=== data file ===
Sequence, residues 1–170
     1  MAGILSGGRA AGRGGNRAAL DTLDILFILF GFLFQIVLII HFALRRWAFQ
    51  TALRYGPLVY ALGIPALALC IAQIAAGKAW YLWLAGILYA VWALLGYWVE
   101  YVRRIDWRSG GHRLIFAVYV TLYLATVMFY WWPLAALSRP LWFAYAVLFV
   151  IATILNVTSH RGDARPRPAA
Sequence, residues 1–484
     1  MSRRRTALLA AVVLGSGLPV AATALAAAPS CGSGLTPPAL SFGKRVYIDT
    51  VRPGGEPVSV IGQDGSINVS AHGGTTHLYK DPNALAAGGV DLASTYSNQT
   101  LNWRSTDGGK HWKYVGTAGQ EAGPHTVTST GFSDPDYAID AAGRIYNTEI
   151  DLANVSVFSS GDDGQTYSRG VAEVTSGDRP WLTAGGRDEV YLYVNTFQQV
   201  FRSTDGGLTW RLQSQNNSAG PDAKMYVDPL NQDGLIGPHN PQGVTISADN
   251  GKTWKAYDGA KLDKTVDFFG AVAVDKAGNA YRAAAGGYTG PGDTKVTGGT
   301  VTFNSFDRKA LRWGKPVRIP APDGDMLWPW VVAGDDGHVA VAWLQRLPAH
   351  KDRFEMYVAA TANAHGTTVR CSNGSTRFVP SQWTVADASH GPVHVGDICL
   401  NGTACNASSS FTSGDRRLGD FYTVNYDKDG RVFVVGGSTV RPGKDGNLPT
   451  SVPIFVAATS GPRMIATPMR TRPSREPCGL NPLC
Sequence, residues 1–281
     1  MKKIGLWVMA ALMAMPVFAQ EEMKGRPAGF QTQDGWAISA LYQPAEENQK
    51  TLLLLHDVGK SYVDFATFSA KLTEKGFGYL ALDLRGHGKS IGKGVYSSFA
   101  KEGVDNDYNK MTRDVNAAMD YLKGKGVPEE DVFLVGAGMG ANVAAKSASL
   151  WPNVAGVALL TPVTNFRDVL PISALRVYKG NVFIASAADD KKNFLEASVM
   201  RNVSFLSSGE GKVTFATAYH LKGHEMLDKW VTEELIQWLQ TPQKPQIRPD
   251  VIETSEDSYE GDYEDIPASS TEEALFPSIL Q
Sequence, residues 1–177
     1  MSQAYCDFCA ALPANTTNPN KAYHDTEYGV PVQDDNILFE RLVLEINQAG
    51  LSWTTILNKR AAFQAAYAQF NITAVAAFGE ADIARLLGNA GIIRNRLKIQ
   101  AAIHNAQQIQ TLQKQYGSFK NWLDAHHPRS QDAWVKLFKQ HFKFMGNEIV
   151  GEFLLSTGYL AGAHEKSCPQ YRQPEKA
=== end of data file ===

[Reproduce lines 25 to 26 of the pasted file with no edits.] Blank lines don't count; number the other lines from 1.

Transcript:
     1  MSQAYCDFCA ALPANTTNPN KAYHDTEYGV PVQDDNILFE RLVLEINQAG
    51  LSWTTILNKR AAFQAAYAQF NITAVAAFGE ADIARLLGNA GIIRNRLKIQ